• in a form-encoded body parameter
  • in a URI query parameter

Only the first of these (the Authorization header) must be supported by resource servers, the others are only optional. Here’s how the Authorization header should look like:

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GET /resource HTTP/1.1
Host: server.example.com
Authorization: Bearer mF_9.B5f-4.1JqM

Checking the token in the resource server

Now that we are able to deploy and configure an UAA identity server, obtain tokens from it in client applications and send these in resource server requests there’s only one thing left: how should we implement the resource server part of our infrastructure to handle the token requests. The OAuth 2.0 specification leaves it up to the implementor but with UAA there is one recommended way, the /check_token endpoint.

The boundaries of resource servers and OAuth2 providers are often blurred and they are in the same application therefore checking a token can be implemented in place by going directly to a token store or decoding the JWT token. If the components are correctly separated this can only be done if the token is encrypted with a shared secret between the provider and the resource server. If it’s not the case the resource server must reach out to the identity server to check the validity of the token. In case of UAA this can be achieved with the help of the check_token endpoint.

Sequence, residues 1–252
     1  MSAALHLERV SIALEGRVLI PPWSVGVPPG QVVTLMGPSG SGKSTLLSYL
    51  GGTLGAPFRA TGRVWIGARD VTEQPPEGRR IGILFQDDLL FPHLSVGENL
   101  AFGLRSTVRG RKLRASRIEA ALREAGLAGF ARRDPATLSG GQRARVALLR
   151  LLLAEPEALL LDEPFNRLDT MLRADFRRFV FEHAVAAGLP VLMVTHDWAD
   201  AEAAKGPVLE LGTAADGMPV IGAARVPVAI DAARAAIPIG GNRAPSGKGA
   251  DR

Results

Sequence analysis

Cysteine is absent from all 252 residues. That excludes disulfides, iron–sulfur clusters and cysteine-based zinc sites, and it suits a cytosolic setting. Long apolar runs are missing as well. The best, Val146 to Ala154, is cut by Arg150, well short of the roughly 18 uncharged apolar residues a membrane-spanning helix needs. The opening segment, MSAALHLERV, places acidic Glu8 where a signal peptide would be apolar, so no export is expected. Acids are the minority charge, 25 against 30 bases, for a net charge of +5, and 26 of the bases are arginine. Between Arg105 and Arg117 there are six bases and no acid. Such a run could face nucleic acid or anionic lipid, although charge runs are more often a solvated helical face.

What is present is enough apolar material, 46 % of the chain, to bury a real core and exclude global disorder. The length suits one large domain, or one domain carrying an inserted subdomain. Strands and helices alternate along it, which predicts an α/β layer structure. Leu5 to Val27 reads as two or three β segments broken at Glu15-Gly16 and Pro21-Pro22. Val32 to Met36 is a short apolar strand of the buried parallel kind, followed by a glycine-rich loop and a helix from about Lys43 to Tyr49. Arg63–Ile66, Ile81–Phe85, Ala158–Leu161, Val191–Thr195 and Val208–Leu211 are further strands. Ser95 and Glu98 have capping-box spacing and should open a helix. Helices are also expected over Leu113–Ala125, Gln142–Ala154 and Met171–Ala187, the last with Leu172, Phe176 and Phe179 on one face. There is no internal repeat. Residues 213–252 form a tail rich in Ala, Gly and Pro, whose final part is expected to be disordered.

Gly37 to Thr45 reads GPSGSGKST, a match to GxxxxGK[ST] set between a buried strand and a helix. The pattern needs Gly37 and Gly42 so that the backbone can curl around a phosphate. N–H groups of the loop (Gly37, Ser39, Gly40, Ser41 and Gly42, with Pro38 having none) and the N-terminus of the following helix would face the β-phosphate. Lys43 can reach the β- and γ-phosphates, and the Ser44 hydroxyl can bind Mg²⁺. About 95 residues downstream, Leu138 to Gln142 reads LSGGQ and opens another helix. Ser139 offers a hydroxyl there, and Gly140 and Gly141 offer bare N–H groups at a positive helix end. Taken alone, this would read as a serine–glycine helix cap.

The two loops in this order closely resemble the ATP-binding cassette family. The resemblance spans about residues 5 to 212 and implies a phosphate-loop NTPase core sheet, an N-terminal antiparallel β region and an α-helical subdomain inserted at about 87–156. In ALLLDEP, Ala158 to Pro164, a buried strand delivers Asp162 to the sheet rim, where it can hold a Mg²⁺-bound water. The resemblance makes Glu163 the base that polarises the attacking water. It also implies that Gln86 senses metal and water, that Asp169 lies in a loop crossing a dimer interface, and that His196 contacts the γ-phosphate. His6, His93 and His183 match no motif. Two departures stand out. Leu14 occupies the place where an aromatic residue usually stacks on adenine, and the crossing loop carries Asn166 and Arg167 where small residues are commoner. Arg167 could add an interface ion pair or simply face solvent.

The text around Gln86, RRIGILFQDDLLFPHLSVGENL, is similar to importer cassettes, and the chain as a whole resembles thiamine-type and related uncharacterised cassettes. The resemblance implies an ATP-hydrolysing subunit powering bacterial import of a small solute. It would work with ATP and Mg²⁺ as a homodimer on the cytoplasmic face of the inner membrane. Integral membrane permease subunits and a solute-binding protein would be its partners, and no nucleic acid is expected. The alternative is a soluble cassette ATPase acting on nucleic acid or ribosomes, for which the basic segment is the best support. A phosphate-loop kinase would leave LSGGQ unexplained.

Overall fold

Our resource servers are implemented in Java and are using Spring. Spring has great support for OAuth but it could feel like magic if you don’t know what’s behind it.

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@Configuration
@EnableResourceServer
protected static class ResourceServerConfiguration extends ResourceServerConfigurerAdapter {

    @Bean
    RemoteTokenServices remoteTokenServices() {
        RemoteTokenServices rts = new RemoteTokenServices();
        rts.setClientId(clientId);
        rts.setClientSecret(clientSecret);
        rts.setCheckTokenEndpointUrl(identityServerUrl + "/check_token");
        return rts;
    }

    @Override